Suzy 9:07 AM  

Enjoyed it more than most-- The Boxer is my favorite S&G song. Now it will be in my head all morning!

Anonymous 9:11 AM  

Unlike most others, I enjoyed this a lot and thought that many clues were terrific.

ArtO 9:22 AM  

Always start Thursday looking for the rebus so it took a few solves to realize there's no trick. Relatively easy Thursday. More love for the construction feat would have been nice. But that would be out of character for OFL.

AskGina 9:25 AM  

I loved this puzzle. My only problem was 57d so I love any Thursday that I can finish with one tiny Google.

Chuck McGregor 9:32 AM  

Glad to find I was not alone in C-D-EF / AL-D-A being the last entry, getting rid of C-l-EF.

Happily I completed this with no cheats, though tempted at times, but kept at it. Like @Ana Bob I was not PHONETIC-ally* challenged due to my Naval service.

* The all-knowing (not!) spell-check refused to let me capitalize the first part of Phonetically, but adding the dash did the trick.

Liked this a lot. With Charles as my given name, salesmen, in particular, love to iVfer I must be a CHARLIE. Hate when they do that. My dad, also a Charles, was called Chic, but had the same problem.

Science Ed:

An ECHO isn't necessarily a "quick comeback." It depends on what one means by quick. In acoustics, quick usually means milliseconds whereas some sound reflections (echoes) can take several seconds to arrive back at the listener. The rough line for what is considered an echo is when the reflected sound arrives back at the listener after 35 milliseconds. However, other factors come into play (frequency of the sound and the volume level of the reflection) such that what is perceived as an echo can take up to 100 milliseconds.

When a reflected sound arrives back more quickly than these time frames, the ear integrates the reflection with the original sound so we perceive it as a single sound event. Sound reflections from short sounds, such as those from, say, a snare drum "hit," are more easily perceived as echoes within shorter times. Those from, say, a bass drum take longer to be perceived as an echo.

TGIF to follow...

Cheers

Cheerio 9:54 AM  

I liked the clues at 50A and 50D. Also the TS Eliot quote. Interesting puzzle.

old timer 10:07 AM  

I really came here just to see who would use Whiskey Tango Foxtrot first. Congrats to @Anoa Bob.

I thought OFL's review was just right. Clever, but blah. Not really crunchy enough for a Thursday. A rare puzzle where, after putting in a few gimmes like RENZO. PASADENA and PEPE, I solved left to right and top to bottom. The revealer was helpful, though, because by the time I got to the SE I knew I needed an E in the circled letter.

I never can remember whether those folks in Mormonland are Utahns or UTAHANS.

Looking around the Net, I find a debate (mostly in Spanish) as to the origin of PEPE as a diminutive for Jose. One school of thought is tat St. Joseph was referred to as the "pater putativus" (putative father) of Jesus; in Spanish that is "padre putativo" which can be shortened to PP or PEPE. Another is that Peppe is the Italian version and is simply a reduplicative nickname for the Italian version of Joseph, which is Giuseppe. Problem is, the "putative father" theory works just as well in Italian as it does in Spanish.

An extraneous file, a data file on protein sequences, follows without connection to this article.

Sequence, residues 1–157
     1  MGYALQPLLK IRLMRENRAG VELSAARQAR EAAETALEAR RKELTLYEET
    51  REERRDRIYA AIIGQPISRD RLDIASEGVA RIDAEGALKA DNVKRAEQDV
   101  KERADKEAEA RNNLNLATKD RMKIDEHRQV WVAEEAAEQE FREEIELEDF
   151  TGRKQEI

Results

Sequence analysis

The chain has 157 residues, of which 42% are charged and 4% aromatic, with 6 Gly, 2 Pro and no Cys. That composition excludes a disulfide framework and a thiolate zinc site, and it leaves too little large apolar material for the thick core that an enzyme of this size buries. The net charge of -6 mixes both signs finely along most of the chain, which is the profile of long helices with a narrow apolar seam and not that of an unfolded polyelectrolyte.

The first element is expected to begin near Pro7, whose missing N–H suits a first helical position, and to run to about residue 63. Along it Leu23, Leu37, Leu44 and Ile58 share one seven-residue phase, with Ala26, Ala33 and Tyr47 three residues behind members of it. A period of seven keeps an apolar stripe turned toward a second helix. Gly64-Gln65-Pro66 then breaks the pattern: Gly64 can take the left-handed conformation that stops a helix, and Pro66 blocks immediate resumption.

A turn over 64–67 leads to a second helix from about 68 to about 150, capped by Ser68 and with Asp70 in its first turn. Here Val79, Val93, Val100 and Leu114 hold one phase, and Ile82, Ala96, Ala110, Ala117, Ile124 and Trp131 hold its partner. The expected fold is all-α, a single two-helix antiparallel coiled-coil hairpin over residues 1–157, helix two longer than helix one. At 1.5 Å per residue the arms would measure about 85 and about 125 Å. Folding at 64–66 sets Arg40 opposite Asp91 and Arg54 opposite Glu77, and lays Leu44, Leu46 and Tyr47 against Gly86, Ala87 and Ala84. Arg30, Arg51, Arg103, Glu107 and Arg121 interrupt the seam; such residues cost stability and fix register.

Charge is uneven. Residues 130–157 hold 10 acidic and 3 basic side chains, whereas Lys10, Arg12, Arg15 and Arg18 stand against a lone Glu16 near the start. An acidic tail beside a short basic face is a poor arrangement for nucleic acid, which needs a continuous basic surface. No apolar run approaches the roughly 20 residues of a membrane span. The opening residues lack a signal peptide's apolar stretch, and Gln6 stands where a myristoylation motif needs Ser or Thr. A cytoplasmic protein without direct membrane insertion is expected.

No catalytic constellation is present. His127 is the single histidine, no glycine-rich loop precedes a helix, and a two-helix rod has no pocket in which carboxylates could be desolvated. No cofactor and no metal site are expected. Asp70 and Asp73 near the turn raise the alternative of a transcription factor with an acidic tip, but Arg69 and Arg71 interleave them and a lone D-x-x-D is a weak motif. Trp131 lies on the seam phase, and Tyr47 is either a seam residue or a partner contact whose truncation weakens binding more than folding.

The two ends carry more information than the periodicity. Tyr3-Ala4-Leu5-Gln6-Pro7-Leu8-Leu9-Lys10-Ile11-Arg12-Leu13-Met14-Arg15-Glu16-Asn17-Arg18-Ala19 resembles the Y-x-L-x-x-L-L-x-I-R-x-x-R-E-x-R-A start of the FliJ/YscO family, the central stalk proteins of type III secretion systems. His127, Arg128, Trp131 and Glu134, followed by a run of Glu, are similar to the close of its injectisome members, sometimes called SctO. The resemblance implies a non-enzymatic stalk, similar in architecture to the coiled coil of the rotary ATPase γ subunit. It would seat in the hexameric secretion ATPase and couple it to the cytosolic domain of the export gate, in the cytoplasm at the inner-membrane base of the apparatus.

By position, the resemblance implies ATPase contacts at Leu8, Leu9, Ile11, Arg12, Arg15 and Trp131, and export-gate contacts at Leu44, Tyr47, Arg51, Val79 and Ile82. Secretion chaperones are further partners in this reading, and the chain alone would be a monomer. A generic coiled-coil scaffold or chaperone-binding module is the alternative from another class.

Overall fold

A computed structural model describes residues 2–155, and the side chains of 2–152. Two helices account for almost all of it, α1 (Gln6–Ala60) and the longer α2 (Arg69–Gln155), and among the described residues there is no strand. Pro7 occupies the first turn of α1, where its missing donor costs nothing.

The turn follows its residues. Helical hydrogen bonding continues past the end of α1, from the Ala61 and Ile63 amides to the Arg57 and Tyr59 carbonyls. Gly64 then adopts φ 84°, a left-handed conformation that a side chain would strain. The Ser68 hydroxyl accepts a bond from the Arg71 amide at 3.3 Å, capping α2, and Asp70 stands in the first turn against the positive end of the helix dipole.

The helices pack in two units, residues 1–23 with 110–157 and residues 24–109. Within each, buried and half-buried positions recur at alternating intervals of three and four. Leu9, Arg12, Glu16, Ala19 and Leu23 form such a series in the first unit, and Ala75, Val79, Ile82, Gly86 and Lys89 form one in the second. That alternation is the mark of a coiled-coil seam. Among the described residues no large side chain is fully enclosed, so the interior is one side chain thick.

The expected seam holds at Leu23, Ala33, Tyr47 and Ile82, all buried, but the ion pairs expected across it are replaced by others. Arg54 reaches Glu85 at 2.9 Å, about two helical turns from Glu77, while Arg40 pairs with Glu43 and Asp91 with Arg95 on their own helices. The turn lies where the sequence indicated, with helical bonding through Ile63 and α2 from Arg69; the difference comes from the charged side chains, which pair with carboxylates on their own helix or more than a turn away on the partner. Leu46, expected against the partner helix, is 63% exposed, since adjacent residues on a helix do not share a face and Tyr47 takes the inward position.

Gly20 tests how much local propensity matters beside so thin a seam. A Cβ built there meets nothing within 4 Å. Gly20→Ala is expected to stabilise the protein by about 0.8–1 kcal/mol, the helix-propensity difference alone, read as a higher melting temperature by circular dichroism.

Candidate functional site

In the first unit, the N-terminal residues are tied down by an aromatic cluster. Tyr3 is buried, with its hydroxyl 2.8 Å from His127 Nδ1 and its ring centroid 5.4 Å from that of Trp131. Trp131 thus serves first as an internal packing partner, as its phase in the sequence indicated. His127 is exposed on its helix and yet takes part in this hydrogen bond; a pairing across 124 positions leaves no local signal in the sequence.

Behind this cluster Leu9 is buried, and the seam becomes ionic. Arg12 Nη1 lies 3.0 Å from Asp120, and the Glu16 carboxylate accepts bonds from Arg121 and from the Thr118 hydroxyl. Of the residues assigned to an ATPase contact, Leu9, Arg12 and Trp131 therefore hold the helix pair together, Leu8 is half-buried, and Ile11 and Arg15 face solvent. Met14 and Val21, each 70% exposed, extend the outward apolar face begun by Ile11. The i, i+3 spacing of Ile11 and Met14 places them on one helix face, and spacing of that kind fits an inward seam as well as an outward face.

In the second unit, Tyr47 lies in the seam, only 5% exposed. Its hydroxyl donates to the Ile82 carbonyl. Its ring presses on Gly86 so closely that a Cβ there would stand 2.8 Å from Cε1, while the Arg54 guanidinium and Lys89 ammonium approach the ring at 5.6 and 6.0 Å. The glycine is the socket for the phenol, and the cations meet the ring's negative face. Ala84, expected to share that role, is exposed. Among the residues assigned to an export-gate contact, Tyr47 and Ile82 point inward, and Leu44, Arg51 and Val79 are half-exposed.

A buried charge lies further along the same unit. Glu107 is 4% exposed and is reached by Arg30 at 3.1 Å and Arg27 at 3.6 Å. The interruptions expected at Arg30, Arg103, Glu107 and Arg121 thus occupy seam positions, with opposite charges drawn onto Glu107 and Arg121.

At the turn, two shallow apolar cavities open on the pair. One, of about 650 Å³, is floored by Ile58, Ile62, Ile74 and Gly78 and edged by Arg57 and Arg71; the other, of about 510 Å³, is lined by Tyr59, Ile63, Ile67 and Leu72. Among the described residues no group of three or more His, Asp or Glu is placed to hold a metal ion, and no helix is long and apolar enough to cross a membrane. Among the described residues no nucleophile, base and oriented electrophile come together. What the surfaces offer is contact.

Any Romanian scholars out there? Romanian is not only a Romance language but is surprisingly close to the Latin spoken in the days of the late Roman Empire, when Chrisitianity become common.

John V 10:17 AM  

Painful. I have little luck with David Kahn's puzzles. Could not soss the NE.

Hartley70 10:22 AM  

@NoBS, It sounds like you have reached Nirvana and are now sleep-solving. Oh and put a lock on that refrigerator door. I think it's time to start weaning yourself off the Ambien. Other than that I've got nothing. Sorry. On the upside your times must be great!

Hartley70 10:39 AM  

I'm sorry to say that this neat little puzzle is a bit of a letdown on a Thursday. There's not a thing wrong with it but there's not a single thrill lurking anywhere. I say WS should have placed this on a Tuesday so we'd all be clapping our hands and exclaiming on the lack of dreck, the obsolete TAPEDECK,as clued, being the exception.

Anonymous 10:40 AM  

Oddly enough, RENZO was the first answer I got. It's just an unusual name that's stuck with me ever since I first saw it, in an article about how he designed the NYT building.

Mohair Sam 11:00 AM  

Agree totally with OFL and most posters today, solid puzzle - just not exciting. @Lewis is right, this would have been perfect on a Wednesday.

WE stumbled for the longest time at 50d OSCAR (To get one, act now) - neat misdirect. Agree with @George Barany - there are better clues for the ubiquitous Mr. ALDA, I'd forgotten he was in the movie. And yeah Rex, RENZO Piano is an awesome name.

@Rex - Thanks for the Victor Borge link. Phonetic punctuation, the man had an amazing comedic mind.

Lady Mohair and I went to see "Julius Caesar" at the Pennsylvania Shakespeare Festival last night just to confirm that Julius does say ET TU. He does, our monthly crosswordese entry is valid.

Chaos344 11:14 AM  

Pretty much agree with everything Rex said.